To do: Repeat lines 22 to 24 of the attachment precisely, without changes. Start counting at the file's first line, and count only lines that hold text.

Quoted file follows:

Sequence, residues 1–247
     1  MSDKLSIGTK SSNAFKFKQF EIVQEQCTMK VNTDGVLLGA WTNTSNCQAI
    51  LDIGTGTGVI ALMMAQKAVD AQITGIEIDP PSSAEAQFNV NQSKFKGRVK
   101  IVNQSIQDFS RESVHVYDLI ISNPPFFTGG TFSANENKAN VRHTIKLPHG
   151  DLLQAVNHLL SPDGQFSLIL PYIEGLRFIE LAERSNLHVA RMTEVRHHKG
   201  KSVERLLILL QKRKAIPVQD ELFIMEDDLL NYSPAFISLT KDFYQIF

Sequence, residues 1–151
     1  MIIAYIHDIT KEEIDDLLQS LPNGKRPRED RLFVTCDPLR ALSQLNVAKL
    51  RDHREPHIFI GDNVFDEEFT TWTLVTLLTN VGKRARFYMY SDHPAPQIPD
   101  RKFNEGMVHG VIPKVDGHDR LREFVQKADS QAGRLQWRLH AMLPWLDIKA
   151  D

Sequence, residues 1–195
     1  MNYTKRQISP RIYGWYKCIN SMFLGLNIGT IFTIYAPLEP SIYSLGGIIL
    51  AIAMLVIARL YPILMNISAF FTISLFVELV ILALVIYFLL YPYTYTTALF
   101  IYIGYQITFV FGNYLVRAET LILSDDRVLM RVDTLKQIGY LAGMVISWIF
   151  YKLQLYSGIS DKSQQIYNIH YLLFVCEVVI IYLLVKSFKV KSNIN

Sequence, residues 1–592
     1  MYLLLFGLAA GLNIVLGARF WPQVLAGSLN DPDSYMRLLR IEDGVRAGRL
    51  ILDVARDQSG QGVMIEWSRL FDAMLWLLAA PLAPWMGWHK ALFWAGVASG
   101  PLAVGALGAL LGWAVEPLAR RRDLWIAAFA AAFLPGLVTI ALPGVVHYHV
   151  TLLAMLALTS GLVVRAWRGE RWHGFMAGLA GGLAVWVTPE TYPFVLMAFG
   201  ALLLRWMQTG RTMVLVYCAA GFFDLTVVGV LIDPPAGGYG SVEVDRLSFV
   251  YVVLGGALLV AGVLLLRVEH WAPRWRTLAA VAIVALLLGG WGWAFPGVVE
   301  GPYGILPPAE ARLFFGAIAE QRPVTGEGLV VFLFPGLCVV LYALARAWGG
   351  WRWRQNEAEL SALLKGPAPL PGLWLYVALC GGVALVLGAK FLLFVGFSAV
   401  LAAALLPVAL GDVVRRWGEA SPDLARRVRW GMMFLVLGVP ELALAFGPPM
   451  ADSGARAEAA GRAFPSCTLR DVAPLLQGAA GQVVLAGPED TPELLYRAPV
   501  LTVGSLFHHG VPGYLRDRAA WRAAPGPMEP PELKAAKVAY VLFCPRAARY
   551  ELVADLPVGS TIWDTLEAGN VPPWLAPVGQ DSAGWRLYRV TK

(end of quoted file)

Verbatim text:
   201  ALLLRWMQTG RTMVLVYCAA GFFDLTVVGV LIDPPAGGYG SVEVDRLSFV
   251  YVVLGGALLV AGVLLLRVEH WAPRWRTLAA VAIVALLLGG WGWAFPGVVE
   301  GPYGILPPAE ARLFFGAIAE QRPVTGEGLV VFLFPGLCVV LYALARAWGG